Monday, March 28, 2011

Murali Coryell Sugar Lips - Music Review


I recently stumbled into Murali Coryell playing with Joe Louis Walker at the famous Attucks Theater and was blown away by this young mans singing and playing. He can stomp out some guitar leads and he sure as hell can sing as well. When Joe Louis Walker introduced him as Larry Coryell's son I near fell out of my chair. I searched far and wide to find some of Larry's music that would fit into my Folk and Blues show and featured an album called A Quiet Day in Spring. The title track always got the phone ringing and the other DJ's to say what was that. I knew Larry's music from his so called jazz fusion days and his essential LP, his collaboration with Emily Remler "Six Beats, Six Strings" is an outstanding number from that album, and one of my favorite LP's is "Just Like Being Born". I also own "The Coryells" a wonderful acoustic disc and "Inner Urge" both albums I can highly recommend.

I had no idea what to expect when I purchased Murali's cd during the meet and greet after the show. It had a sexy attractive cover and font that lent itself more to a smooth jazz recording so I was a little reluctant. However, after hearing Murali play and noting that Joe Louis Walker was on the album I figured the blues had to be more than covered. Knowing his Dad was on the disc as well and that he played everything and anything his embellishments would fit in nicely and be creative. So I bought the CD blind which is something I rarely do a leap of faith to say the least but Murial was so fantastic during the show I wanted to support him with at least a little gas money.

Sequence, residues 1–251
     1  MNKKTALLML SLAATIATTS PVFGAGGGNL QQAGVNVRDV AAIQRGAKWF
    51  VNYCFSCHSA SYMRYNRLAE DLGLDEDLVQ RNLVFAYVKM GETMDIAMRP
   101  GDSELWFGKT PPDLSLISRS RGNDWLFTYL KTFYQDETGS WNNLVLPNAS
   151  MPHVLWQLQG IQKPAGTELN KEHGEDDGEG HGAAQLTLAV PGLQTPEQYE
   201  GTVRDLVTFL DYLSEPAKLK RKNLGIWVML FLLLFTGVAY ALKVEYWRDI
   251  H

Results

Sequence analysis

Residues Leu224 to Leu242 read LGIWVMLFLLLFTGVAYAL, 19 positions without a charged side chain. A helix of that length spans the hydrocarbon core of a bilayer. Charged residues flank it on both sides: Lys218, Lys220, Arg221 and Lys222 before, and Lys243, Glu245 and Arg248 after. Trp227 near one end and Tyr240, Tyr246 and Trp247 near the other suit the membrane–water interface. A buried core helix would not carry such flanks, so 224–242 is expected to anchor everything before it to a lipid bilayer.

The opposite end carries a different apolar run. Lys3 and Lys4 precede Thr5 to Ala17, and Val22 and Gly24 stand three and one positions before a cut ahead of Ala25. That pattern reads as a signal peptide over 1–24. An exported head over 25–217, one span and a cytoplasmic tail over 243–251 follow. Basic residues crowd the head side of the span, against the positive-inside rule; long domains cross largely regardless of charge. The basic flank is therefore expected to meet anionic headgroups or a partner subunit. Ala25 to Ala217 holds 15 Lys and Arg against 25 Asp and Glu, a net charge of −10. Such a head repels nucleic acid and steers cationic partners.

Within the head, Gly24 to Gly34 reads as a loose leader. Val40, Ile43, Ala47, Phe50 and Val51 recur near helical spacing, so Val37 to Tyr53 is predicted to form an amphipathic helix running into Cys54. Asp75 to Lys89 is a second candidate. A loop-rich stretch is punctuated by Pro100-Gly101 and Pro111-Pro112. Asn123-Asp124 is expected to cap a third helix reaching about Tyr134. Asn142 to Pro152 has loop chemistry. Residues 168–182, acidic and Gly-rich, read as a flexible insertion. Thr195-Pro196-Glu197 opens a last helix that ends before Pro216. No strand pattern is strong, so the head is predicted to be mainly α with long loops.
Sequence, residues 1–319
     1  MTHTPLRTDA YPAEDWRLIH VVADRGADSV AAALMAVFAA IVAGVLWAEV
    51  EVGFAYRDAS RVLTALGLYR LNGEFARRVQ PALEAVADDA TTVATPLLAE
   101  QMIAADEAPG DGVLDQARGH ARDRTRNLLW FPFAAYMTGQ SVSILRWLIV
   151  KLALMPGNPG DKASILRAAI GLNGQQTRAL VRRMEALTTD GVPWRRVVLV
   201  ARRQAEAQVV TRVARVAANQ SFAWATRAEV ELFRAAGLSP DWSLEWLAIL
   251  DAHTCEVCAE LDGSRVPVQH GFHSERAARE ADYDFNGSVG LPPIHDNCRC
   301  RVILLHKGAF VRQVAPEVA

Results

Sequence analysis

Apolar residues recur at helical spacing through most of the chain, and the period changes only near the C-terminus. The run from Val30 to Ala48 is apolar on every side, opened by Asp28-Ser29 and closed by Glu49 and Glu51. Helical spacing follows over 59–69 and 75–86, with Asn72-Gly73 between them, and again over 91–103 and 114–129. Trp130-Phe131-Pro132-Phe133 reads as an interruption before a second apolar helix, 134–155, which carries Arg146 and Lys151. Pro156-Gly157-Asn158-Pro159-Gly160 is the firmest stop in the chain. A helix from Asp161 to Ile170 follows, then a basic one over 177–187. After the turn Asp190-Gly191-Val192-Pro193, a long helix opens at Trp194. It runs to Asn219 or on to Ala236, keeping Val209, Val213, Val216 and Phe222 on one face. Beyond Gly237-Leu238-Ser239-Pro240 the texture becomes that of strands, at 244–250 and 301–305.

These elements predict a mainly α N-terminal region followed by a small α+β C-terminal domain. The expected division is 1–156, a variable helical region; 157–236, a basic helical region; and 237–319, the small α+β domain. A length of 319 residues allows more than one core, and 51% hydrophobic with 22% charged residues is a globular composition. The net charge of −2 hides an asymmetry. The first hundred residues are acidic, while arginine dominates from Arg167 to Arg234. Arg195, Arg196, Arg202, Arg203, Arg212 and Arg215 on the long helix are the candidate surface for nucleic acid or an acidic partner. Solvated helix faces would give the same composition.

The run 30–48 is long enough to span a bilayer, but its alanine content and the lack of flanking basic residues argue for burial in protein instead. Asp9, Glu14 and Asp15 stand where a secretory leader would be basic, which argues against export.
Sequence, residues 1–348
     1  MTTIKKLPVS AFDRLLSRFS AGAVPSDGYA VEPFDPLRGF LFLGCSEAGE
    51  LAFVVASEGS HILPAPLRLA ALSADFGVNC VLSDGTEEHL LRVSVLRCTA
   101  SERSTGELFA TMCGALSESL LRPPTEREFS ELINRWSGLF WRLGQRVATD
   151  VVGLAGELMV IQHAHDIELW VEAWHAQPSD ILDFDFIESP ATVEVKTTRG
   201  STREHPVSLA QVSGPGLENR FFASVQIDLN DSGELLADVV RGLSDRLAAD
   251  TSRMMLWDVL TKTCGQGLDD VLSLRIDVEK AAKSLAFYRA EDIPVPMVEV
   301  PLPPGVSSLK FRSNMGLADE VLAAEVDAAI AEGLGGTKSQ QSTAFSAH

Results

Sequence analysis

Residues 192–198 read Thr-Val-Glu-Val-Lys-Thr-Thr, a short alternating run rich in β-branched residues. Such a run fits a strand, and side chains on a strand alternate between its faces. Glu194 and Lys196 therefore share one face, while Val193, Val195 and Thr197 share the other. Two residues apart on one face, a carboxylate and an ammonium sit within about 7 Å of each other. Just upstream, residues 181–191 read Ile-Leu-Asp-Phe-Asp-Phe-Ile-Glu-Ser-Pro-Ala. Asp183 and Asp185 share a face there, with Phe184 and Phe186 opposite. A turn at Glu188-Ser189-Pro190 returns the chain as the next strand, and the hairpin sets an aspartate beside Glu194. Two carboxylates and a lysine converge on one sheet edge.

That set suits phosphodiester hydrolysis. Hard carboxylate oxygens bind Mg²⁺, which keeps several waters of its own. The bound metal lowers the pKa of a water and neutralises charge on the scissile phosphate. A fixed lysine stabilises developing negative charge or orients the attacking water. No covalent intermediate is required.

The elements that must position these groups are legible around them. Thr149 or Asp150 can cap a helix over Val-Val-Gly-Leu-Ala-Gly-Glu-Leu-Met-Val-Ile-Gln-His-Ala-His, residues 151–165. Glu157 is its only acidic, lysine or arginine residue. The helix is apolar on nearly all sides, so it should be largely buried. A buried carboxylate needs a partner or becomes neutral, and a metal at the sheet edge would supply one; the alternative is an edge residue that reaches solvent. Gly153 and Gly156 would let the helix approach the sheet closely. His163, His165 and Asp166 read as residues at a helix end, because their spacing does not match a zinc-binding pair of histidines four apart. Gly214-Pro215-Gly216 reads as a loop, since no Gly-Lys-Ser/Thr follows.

Upon loading the disc into my player I was hooked. The first number is a blistering jump blues in the tradition of Roomful of Blues boasting a big horn sound and rampaging piano courtesy of Reese Wynans of the famed Stevie Ray Vaughn and Double Trouble Band. The second tune rolls out a more smoldering blues number with plenty of guitar stretches and horn fills plus some nice wah, wah work. Do they still call it that these days?

The third cut is more of a contemporary blues number in the vein of Robert Cray. Its immediately accessible and I could see it having some cross over potential. Mothers Day follows that which is a heartfelt tribute to Murali's mother who passed away back in 2009. Kind of rough to loose a mom so young she was only in her sixties, and this song particularly speaks to the artists integrity by letting us into his world. His dad takes a lead and well if you are not moved by this song check your pulse - you have no heart.

So now all at once we have this honest talent firing off fat, smoking, crunchy, licks, stomping through the blues and ballads and baring his soul and we are only into the fourth track. The next song "What Works on You" has a stadium anthem feel to it and a soaring keyboard. Its a nice lift after Mothers Day with nice acoustic piano fills and growling guitar leads. The dude can play can you tell I'm on board.

Go ahead and pick up this disc. I read one review that compared him to John Mayer - puhhhlease Murail blows away that poser. Sugar Lips the title track has a real nice driving back beat and picks the album back up again into a blues romp and Joe Louis Walker ads his signature sound to the cut with some raunchy slide work. "I Could Have Had You" slows things back down a little bit and I think is my favorite tune. The acoustic guitar and bass add a nice texture and again I think what we are hearing is honest and that kind of credibility can not be faked or bought.

We snap right out of that nice melancholy mood with Still Rockin' a straight up 50's blues romp with Chuck Berry formed leads. Without reviewing each of the remaining songs there's plenty more to come with a great funk number, soulful singing and flourishes of his Dad's jazz riffs. They blend in seamlessly within the constructs of the songs and Murali's fired up guitar. Sugar Lips is fun, well rounded, stomp with plenty of tonal and modulated mood swings to keep repeated listening fresh track after track. And it does swing, rock and funkify your speakers.

It blew all my expectations away.

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